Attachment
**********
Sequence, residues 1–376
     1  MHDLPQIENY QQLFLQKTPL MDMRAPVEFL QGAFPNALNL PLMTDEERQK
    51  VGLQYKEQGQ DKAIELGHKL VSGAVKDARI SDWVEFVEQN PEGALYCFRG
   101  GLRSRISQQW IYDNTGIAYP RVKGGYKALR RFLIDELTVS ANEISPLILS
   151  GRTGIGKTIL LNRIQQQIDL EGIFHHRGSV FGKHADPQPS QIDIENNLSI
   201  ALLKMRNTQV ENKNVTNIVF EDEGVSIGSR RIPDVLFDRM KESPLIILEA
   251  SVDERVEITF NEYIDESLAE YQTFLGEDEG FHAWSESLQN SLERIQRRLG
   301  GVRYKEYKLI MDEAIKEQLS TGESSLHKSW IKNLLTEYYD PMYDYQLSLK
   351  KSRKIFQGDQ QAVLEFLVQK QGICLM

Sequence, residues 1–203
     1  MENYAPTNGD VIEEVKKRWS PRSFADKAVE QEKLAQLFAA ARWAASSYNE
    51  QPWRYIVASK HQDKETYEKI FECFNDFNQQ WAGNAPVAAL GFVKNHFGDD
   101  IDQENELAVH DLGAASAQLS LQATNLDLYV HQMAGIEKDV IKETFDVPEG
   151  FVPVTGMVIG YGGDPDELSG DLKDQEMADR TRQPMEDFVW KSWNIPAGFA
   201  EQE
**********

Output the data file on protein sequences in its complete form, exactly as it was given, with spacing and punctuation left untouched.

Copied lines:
Sequence, residues 1–376
     1  MHDLPQIENY QQLFLQKTPL MDMRAPVEFL QGAFPNALNL PLMTDEERQK
    51  VGLQYKEQGQ DKAIELGHKL VSGAVKDARI SDWVEFVEQN PEGALYCFRG
   101  GLRSRISQQW IYDNTGIAYP RVKGGYKALR RFLIDELTVS ANEISPLILS
   151  GRTGIGKTIL LNRIQQQIDL EGIFHHRGSV FGKHADPQPS QIDIENNLSI
   201  ALLKMRNTQV ENKNVTNIVF EDEGVSIGSR RIPDVLFDRM KESPLIILEA
   251  SVDERVEITF NEYIDESLAE YQTFLGEDEG FHAWSESLQN SLERIQRRLG
   301  GVRYKEYKLI MDEAIKEQLS TGESSLHKSW IKNLLTEYYD PMYDYQLSLK
   351  KSRKIFQGDQ QAVLEFLVQK QGICLM

Sequence, residues 1–203
     1  MENYAPTNGD VIEEVKKRWS PRSFADKAVE QEKLAQLFAA ARWAASSYNE
    51  QPWRYIVASK HQDKETYEKI FECFNDFNQQ WAGNAPVAAL GFVKNHFGDD
   101  IDQENELAVH DLGAASAQLS LQATNLDLYV HQMAGIEKDV IKETFDVPEG
   151  FVPVTGMVIG YGGDPDELSG DLKDQEMADR TRQPMEDFVW KSWNIPAGFA
   201  EQE